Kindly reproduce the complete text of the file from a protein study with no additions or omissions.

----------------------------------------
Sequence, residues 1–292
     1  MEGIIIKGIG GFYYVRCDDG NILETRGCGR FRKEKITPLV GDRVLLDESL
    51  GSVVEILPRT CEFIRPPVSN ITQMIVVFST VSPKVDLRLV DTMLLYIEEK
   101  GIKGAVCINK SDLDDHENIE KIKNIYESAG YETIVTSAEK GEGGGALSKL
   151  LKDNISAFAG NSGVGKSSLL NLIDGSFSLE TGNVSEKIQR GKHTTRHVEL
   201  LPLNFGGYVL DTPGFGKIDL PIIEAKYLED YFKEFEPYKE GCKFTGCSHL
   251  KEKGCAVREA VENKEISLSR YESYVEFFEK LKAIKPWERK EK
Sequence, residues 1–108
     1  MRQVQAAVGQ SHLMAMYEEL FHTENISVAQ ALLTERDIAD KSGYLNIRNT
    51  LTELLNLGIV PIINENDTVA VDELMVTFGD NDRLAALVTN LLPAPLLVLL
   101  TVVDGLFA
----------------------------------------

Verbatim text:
Sequence, residues 1–292
     1  MEGIIIKGIG GFYYVRCDDG NILETRGCGR FRKEKITPLV GDRVLLDESL
    51  GSVVEILPRT CEFIRPPVSN ITQMIVVFST VSPKVDLRLV DTMLLYIEEK
   101  GIKGAVCINK SDLDDHENIE KIKNIYESAG YETIVTSAEK GEGGGALSKL
   151  LKDNISAFAG NSGVGKSSLL NLIDGSFSLE TGNVSEKIQR GKHTTRHVEL
   201  LPLNFGGYVL DTPGFGKIDL PIIEAKYLED YFKEFEPYKE GCKFTGCSHL
   251  KEKGCAVREA VENKEISLSR YESYVEFFEK LKAIKPWERK EK
Sequence, residues 1–108
     1  MRQVQAAVGQ SHLMAMYEEL FHTENISVAQ ALLTERDIAD KSGYLNIRNT
    51  LTELLNLGIV PIINENDTVA VDELMVTFGD NDRLAALVTN LLPAPLLVLL
   101  TVVDGLFA